Now that former Illinois Gov. Rod Blagojevich has been convicted on only one of 24 counts, with federal prosecutors pledging to retry him on the other 23 (the judge declared a mistrial on all but the one), it's odd to think back to the day Blagojevich's arrest was announced by U.S. Attorney Patrick Fitzgerald, the star federal prosecutor who also handled the Valerie Plame leak case.
Here's an abbreviated video of that press conference, in which Fitzgerald asserts that Blagojevich tried to sell Barack Obama's Senate seat, accused the sitting governor of a "crime spree," and said that "this is a sad day for government" and that Blagojevich's "conduct would make Lincoln roll over in his grave":
Here's the 13-page transcript of the press conference; you can watch the 47-minute version here.
Watching this now and remembering the day the news broke, it's striking how certain it appeared at the time--as Fitzgerald listed the allegations, including the attempted extortion of newspaper editors and a plan to obstruct the sale of Wrigley Field, and as the FBI's criminal complaint hit the press, with quotes like, "[this Senate seat is] a fucking valuable thing. You don't just give it away for free," and "they're not willing to give me anything but appreciation. Fuck them."--that Blagojevich would be convicted without much of a problem, and that he'd completely go down in flames. The morally superior Patrick Fitzgerald had made a big-time arrest, apparently snatching Blagojevich from his home only when he had the corrupt governor dead to rights.
A couple reality TV appearances later, and Blagojevich is walking out of the courtroom smiling, getting hounded by reporters the next morning with a grin on his face as he goes shopping in a lime green polo, analysts casting doubt on whether the cash-strapped state of Illinois will ask taxpayers to fund a second defense for the governor as legal fees mount, if the feds follow through on their plan to go after him again.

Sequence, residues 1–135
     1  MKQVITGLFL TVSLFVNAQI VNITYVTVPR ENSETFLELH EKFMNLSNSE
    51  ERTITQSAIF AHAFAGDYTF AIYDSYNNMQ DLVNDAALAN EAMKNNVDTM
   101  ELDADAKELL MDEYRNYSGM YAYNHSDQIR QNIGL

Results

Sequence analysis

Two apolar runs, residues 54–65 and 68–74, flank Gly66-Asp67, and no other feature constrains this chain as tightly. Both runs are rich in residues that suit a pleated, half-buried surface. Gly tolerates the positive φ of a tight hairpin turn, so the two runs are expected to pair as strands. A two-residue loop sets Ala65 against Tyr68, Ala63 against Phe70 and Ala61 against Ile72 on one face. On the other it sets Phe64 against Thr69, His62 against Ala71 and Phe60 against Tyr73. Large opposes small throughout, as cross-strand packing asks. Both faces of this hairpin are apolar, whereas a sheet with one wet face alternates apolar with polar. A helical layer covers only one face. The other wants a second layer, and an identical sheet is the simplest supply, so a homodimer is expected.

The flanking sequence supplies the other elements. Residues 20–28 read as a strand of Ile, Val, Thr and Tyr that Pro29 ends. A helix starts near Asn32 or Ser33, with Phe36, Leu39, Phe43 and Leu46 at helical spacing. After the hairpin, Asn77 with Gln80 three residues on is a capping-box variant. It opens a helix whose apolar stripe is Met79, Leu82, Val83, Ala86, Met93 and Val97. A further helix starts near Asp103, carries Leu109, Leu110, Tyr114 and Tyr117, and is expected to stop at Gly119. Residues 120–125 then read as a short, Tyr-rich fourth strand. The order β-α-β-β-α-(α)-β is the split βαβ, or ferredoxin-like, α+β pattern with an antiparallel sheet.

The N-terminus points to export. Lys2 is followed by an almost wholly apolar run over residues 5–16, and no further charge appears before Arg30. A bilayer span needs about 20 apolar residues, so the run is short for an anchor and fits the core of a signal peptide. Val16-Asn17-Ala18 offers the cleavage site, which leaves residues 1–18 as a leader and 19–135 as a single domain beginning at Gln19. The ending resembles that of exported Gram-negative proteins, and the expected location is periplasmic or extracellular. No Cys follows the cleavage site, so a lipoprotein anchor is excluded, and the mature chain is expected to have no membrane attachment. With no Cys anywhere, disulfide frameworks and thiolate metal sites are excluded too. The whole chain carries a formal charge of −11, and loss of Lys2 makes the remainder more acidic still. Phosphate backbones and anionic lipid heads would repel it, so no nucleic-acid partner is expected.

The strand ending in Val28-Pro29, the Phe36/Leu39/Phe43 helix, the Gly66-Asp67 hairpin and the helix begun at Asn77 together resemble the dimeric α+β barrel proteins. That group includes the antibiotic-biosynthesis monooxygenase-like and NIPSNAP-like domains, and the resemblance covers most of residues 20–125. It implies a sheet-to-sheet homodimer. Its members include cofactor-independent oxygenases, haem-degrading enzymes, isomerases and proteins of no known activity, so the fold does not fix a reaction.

With another trial apparently looming, Blagojevich is still facing lots of trouble, and he is, after all, a convicted felon (as is his gubernatorial predecessor, George Ryan). But it will take a while to process this utter reversal of expectation, even if it was a year and a half in the making.
Donald Trump will take the oath of office on Friday, becoming the 45th president of the United States.
Donald Trump takes the oath of office on Friday, to become the 45th president of the United States.
The day’s inaugural festivities will get underway in the morning and continue through Saturday. The swearing-in ceremony, which will take place outside of the Capitol, is expected to begin at 11:30 a.m., followed by an inaugural parade at 3 p.m. and inaugural balls in the evening.
Thousands of attendees are expected to descend on Washington, DC for the ceremonies, which will likely be met with celebration and protest. We’ll bring you the latest updates from the nation’s capital as events unfold. Also see our continuing coverage:
Commentators love to praise the peaceful handover of power—but this year, it stands as a reminder of the system’s fragility and shortcomings.
Every presidency is different, but inaugural coverage is always the same. Commentators congratulate Americans on the peaceful transition of power and intone solemn sentences about democratic renewal.